Have fun!


06-26-2003, 08:18 AM
Ooo thankyou meowmeow :)

Kathryn Wilson
06-26-2003, 09:42 AM
Let me jump in here real quick and recommend that you do not go too cheap on materials for you will be disappointed with the results and it will be a waste of money. Go for the medium priced pastels and paper.

A set of Nupastels is good for drawing and starting your painting with tonal values. They are hard, but on sanded paper you can do quite well. They are not expensive. A set of Rembrandt's "General" set can be bought on Ebay for around $20.00, sometimes less. These are a good medium soft pastels and it's where I started. They also offer a Landscape and Portrait sets with colors more specifically suited to those types of paintings.

If you have a fairly stiff watercolor paper laying around, you might try buying the Goldenrod or Art Spectrum jars of primer. It will give you the sanded ground that many artists on here prefer. You can buy the clear in each and tint with a color paint to tint the background. This also saves on pastels when you have a tinted background to start with, then you don't have to fill in the background totally with pastel.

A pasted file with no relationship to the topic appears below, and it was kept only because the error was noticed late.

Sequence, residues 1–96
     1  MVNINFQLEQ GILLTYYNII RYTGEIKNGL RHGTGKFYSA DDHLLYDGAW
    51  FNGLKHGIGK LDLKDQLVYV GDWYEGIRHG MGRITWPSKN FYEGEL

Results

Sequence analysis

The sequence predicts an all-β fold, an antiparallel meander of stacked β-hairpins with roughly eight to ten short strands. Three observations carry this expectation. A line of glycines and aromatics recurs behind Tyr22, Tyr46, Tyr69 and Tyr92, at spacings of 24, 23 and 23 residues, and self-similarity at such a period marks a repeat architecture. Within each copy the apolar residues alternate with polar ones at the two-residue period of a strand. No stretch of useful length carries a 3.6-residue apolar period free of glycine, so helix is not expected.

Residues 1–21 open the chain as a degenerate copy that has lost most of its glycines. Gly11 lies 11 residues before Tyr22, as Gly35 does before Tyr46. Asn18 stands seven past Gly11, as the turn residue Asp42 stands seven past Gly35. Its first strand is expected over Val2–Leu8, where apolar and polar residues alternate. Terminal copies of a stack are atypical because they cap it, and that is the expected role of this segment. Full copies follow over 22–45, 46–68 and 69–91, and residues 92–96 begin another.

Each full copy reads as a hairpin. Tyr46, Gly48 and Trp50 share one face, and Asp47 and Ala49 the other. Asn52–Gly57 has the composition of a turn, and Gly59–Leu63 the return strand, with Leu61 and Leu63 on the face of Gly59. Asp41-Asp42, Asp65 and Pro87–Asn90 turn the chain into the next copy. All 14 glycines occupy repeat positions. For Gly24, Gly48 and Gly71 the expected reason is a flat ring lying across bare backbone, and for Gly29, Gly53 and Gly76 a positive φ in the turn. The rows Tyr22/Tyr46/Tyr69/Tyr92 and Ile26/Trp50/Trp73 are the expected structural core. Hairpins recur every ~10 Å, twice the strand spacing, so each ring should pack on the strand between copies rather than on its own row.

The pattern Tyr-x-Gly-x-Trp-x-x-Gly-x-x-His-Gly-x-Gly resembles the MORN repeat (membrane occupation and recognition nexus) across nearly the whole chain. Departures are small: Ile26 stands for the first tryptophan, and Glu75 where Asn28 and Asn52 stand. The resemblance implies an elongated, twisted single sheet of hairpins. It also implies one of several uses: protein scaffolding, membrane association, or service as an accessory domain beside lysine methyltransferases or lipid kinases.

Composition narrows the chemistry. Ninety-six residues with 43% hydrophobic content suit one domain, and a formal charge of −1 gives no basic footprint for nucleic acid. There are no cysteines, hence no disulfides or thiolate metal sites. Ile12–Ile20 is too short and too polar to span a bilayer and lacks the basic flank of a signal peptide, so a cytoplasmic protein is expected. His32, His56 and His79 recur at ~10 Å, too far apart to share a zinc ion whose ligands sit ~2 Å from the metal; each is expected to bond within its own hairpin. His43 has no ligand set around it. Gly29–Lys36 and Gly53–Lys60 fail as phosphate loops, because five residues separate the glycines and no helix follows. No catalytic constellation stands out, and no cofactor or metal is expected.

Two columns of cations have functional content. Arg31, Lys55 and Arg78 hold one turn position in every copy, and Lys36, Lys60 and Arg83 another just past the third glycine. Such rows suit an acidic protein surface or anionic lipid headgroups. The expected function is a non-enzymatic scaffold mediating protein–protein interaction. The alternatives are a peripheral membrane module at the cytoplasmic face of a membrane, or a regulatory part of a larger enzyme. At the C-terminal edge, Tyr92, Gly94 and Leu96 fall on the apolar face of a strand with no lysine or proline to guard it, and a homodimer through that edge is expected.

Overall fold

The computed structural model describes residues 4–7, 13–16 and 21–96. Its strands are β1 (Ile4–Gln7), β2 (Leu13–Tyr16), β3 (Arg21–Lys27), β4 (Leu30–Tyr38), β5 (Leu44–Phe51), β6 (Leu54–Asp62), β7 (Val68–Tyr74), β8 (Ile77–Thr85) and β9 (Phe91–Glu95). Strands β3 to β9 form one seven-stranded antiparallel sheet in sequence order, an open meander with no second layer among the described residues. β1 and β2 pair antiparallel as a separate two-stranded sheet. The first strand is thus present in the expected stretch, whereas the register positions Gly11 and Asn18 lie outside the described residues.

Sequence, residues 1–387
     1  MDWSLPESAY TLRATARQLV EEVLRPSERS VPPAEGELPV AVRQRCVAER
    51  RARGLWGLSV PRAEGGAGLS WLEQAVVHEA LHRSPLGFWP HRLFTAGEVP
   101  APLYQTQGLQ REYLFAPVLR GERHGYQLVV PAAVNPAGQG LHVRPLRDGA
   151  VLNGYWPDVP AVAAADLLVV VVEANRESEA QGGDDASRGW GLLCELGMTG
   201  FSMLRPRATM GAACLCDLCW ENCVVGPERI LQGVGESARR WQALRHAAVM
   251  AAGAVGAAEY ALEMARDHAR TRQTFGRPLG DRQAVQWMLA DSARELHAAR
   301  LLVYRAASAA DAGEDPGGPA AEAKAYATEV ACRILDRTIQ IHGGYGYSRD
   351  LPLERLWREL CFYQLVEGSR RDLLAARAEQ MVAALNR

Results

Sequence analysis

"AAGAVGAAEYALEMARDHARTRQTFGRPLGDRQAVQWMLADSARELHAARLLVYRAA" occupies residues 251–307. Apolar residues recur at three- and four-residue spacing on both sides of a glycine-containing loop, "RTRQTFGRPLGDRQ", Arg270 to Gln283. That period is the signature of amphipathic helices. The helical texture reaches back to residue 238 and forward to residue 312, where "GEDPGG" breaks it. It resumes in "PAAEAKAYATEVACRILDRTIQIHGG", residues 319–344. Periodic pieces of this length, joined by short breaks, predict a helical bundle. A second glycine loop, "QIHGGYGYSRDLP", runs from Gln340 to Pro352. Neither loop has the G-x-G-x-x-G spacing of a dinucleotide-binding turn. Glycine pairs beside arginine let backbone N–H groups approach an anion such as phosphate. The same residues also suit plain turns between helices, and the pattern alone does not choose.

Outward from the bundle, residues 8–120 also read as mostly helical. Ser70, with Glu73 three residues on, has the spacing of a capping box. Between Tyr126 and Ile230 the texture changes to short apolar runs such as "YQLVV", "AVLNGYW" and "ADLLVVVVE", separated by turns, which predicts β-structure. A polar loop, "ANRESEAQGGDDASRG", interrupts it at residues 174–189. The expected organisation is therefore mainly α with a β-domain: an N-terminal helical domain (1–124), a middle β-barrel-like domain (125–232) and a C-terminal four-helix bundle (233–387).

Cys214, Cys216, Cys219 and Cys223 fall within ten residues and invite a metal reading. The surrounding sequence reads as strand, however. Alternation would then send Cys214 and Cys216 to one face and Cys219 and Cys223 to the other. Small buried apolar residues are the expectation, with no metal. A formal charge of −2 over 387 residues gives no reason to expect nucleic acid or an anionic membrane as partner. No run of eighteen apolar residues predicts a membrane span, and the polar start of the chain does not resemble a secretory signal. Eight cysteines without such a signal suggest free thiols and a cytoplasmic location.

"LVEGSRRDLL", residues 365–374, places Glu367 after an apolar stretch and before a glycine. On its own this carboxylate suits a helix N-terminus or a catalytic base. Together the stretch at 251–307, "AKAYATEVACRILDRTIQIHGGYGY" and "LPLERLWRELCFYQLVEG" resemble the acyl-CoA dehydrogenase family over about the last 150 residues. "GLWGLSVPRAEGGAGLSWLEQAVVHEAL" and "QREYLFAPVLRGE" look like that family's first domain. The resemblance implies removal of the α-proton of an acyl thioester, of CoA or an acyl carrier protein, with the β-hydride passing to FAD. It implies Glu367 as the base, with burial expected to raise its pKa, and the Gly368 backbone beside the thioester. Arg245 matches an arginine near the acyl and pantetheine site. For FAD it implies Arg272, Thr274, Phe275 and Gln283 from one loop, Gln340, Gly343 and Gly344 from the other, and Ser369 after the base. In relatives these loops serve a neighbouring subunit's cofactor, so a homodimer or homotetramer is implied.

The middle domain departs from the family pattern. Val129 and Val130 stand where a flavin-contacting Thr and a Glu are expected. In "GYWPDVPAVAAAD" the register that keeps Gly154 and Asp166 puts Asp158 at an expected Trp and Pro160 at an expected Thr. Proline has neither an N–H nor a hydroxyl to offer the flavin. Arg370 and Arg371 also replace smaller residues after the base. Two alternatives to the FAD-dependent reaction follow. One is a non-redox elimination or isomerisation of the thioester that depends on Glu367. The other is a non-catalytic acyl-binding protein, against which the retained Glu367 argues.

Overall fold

Hope this helps -

06-26-2003, 02:38 PM
If you dont mind me asking, what did they teach you in art school for $6,000? Thought about checking into a class............

Great advice there kyle, i think i went over board in my advice , we practicly said the same thing, but in my giddiness to help , i think i kinda overwhelmed ...................:o

06-26-2003, 04:43 PM
*giggle* that's cool thanks!

i went to school to major in graphic design.. wanted to put my skills to some money making thing and i love computers *complete computer nerd on top of being an artist*